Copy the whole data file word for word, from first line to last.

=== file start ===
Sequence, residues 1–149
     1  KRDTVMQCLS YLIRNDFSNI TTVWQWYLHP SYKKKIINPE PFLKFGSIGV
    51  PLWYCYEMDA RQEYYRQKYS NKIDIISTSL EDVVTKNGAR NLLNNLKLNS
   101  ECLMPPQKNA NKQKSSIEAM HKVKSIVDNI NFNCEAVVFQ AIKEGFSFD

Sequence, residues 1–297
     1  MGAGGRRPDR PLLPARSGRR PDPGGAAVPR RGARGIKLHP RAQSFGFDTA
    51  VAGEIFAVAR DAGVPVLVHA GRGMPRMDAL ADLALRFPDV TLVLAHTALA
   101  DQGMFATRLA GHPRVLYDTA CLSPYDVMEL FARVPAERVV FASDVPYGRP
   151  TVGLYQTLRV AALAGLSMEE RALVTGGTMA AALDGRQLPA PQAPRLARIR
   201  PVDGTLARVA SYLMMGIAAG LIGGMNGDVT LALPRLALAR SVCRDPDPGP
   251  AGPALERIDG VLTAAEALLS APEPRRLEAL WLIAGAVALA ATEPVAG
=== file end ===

Sequence, residues 1–149
     1  KRDTVMQCLS YLIRNDFSNI TTVWQWYLHP SYKKKIINPE PFLKFGSIGV
    51  PLWYCYEMDA RQEYYRQKYS NKIDIISTSL EDVVTKNGAR NLLNNLKLNS
   101  ECLMPPQKNA NKQKSSIEAM HKVKSIVDNI NFNCEAVVFQ AIKEGFSFD

Sequence, residues 1–297
     1  MGAGGRRPDR PLLPARSGRR PDPGGAAVPR RGARGIKLHP RAQSFGFDTA
    51  VAGEIFAVAR DAGVPVLVHA GRGMPRMDAL ADLALRFPDV TLVLAHTALA
   101  DQGMFATRLA GHPRVLYDTA CLSPYDVMEL FARVPAERVV FASDVPYGRP
   151  TVGLYQTLRV AALAGLSMEE RALVTGGTMA AALDGRQLPA PQAPRLARIR
   201  PVDGTLARVA SYLMMGIAAG LIGGMNGDVT LALPRLALAR SVCRDPDPGP
   251  AGPALERIDG VLTAAEALLS APEPRRLEAL WLIAGAVALA ATEPVAG